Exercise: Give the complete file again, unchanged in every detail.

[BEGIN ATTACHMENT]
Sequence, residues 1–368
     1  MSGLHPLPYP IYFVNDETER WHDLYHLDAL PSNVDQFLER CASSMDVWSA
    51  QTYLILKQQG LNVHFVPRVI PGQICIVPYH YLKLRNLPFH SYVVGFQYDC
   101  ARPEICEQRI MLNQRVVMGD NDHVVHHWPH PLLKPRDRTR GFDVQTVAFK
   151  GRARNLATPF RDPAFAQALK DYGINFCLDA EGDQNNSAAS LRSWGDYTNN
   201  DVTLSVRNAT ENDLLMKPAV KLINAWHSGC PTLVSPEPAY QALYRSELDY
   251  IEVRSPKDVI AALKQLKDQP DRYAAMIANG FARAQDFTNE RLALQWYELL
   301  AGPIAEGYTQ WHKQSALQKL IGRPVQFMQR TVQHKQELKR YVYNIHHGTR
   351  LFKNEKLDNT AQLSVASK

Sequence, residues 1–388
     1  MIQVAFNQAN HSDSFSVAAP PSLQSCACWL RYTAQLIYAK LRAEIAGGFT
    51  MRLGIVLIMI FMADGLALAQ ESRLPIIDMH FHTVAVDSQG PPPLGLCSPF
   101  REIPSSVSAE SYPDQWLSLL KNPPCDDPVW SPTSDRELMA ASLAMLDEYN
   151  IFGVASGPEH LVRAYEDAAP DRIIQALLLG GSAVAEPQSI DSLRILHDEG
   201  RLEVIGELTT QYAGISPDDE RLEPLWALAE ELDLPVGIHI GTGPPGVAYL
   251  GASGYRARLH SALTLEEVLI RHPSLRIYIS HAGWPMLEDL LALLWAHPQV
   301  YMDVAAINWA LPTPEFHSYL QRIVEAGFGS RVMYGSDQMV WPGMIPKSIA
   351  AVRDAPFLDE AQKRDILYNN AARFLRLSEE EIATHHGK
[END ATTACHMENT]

Sequence, residues 1–368
     1  MSGLHPLPYP IYFVNDETER WHDLYHLDAL PSNVDQFLER CASSMDVWSA
    51  QTYLILKQQG LNVHFVPRVI PGQICIVPYH YLKLRNLPFH SYVVGFQYDC
   101  ARPEICEQRI MLNQRVVMGD NDHVVHHWPH PLLKPRDRTR GFDVQTVAFK
   151  GRARNLATPF RDPAFAQALK DYGINFCLDA EGDQNNSAAS LRSWGDYTNN
   201  DVTLSVRNAT ENDLLMKPAV KLINAWHSGC PTLVSPEPAY QALYRSELDY
   251  IEVRSPKDVI AALKQLKDQP DRYAAMIANG FARAQDFTNE RLALQWYELL
   301  AGPIAEGYTQ WHKQSALQKL IGRPVQFMQR TVQHKQELKR YVYNIHHGTR
   351  LFKNEKLDNT AQLSVASK

Sequence, residues 1–388
     1  MIQVAFNQAN HSDSFSVAAP PSLQSCACWL RYTAQLIYAK LRAEIAGGFT
    51  MRLGIVLIMI FMADGLALAQ ESRLPIIDMH FHTVAVDSQG PPPLGLCSPF
   101  REIPSSVSAE SYPDQWLSLL KNPPCDDPVW SPTSDRELMA ASLAMLDEYN
   151  IFGVASGPEH LVRAYEDAAP DRIIQALLLG GSAVAEPQSI DSLRILHDEG
   201  RLEVIGELTT QYAGISPDDE RLEPLWALAE ELDLPVGIHI GTGPPGVAYL
   251  GASGYRARLH SALTLEEVLI RHPSLRIYIS HAGWPMLEDL LALLWAHPQV
   301  YMDVAAINWA LPTPEFHSYL QRIVEAGFGS RVMYGSDQMV WPGMIPKSIA
   351  AVRDAPFLDE AQKRDILYNN AARFLRLSEE EIATHHGK